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UPDATE: Man found dead after Luck Stone quarry accident in Loudoun

Photo courtesy/Loudoun County Fire and Rescue
Update, 8:00 a.m.

The 18-year-old employee of Luck Stone Leesburg quarry was found dead at around 6:30 a.m. Tuesday.

Search crews found him trapped inside the collapsed silo under large volumes of mineral filler and metal equipment, according to a release from Loudoun Fire and Rescue. Around 200 tons of material came out of the silo, the Virginian Department of Mines, Minerals and Energy said.

Luck Stone is keeping the worker's identity private while the family mourns, the company said in a statement.

"We are a family here at Luck Companies and today we lost a family member," Charlie Luck, president and CEO at Luck Stone, in a statement Tuesday. "Our hearts go out to the associate's family and they will remain in our thoughts and prayers. We will be remembering, honoring and celebrating hte assocaiate for the contributions and positive impact he made on our company. We will continue to ensure that safety and the success of our associates is our main responsibility."

Update, 11:14 p.m.

An 18-year-old employee of Luck Stone Leesburg quarry in Ashburn remains unaccounted for after a silo collapsed at the facility early this morning. Crews continue their search into the night.



Update, 8:25 p.m.:

Cranes and heavy equipment have stabilized the collapsed Luck Stone quarry silo, and search and rescue efforts for the missing 19-year-old quarry employee continue.




Original story, 11:41 a.m.:

An 18-year-old employee of the Leesburg Luck Stone quarry in Ashburn remains unaccounted for after one of the quarry’s silos collapsed, according to Loudoun Fire and Rescue.

Fire and Rescue dispatched a team at 6:28 a.m. Monday to Luck Stone on Belmont Ridge Road, where the company informed them the 19-year-old man had been in the vicinity of the collapse and had not yet been found.

The sand plant silo in question reached a height of 70 to 80 feet, according to Fire and Rescue, a “significant structure” that released large amounts of mineral filler used in asphalt for roadway repairs when the silo fell.

In the search, two dogs from Fairfax County’s Search and Rescue team are on the scene but have had no hits at this time.

While still ongoing, the search was suspended around 9 a.m. while crews wait for resource equipment to help support the unstable remains of the silo. Once the structure is secure, crews will continue the search closer to the silo.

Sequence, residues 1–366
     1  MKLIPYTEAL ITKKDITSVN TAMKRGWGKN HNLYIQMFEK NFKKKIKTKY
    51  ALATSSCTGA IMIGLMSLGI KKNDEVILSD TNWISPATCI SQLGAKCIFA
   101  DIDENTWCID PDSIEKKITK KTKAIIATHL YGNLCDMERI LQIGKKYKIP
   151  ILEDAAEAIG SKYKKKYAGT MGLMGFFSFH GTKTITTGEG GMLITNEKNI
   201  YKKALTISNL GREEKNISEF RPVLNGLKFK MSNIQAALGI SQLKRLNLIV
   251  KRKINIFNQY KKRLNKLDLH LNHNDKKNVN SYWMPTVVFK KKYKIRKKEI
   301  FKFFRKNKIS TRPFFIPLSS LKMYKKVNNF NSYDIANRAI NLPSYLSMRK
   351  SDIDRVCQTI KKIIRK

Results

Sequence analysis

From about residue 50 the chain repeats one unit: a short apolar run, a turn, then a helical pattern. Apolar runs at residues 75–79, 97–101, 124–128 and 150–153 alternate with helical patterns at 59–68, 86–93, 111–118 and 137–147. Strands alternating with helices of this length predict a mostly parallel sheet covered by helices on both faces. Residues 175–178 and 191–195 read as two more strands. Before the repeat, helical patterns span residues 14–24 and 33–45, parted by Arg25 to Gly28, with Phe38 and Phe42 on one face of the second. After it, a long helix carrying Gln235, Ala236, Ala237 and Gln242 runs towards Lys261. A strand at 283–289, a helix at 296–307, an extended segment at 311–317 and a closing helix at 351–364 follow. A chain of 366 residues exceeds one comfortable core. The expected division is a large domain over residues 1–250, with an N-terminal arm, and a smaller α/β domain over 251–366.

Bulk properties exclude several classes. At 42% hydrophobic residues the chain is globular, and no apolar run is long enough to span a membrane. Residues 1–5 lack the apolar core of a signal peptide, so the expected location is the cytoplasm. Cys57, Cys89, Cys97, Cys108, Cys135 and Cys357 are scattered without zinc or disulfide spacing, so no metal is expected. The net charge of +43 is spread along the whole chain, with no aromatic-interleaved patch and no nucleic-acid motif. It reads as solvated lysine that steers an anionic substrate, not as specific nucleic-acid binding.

Loudoun Search and Rescue, Loudoun Sheriff’s Office and the fire marshal remain on scene.

The Mines Safety and Health Administration and Virginia Occupational Safety and Health will handle the investigation of the incident.

The investigation into potential causes and parties at fault will take four to six weeks, according to the Virginia Department of Mines, Minerals and Energy spokeswoman Tarah Kesterton. If the department finds Luck Stone at fault, they will write the quarry a violation.

Right now, the priority remains the search and rescue endeavor.

Luck Stone officials today released a statement, saying a metal tank storing stone dust unexpectedly failed.

“Our associates are an extension of our family. Uniting and standing together with the associate’s family, colleagues, and community, we are hopeful for the best possible outcome," said Charlie Luck, CEO of Luck Companies in a prepared statement. “Our Company was founded on the premise “we care” and today as we go through this challenging time, our connection, concern and compassion is first and foremost for the missing associate and their
family.”

This is the second quarry incident in Loudoun this year. In May, a scheduled blast at Sterling’s Loudoun Quarries sent rocks and debris into cars, homes and businesses.

The investigation into that incident is still ongoing, but the blasters themselves, Winchester Building, were written a violation by the Virginia Department of Mines, Minerals and Energy, according to Kesterton.

According to Kesterton, these kinds of incidents are few and far between. Laws and regulations in place are designed to minimize mishaps.

“This specific incident hasn’t happened since I’ve been here, and I’ve been here over a year now. None of these accidents are common,” Kesterton said. “I don’t think a risk can be quantified. We enforce safety, and safety is our priority … You can’t really quantify a risk of going to work every day.”


Editor's note: Loudoun Fire and Rescue determined today the man was 18, not 19.
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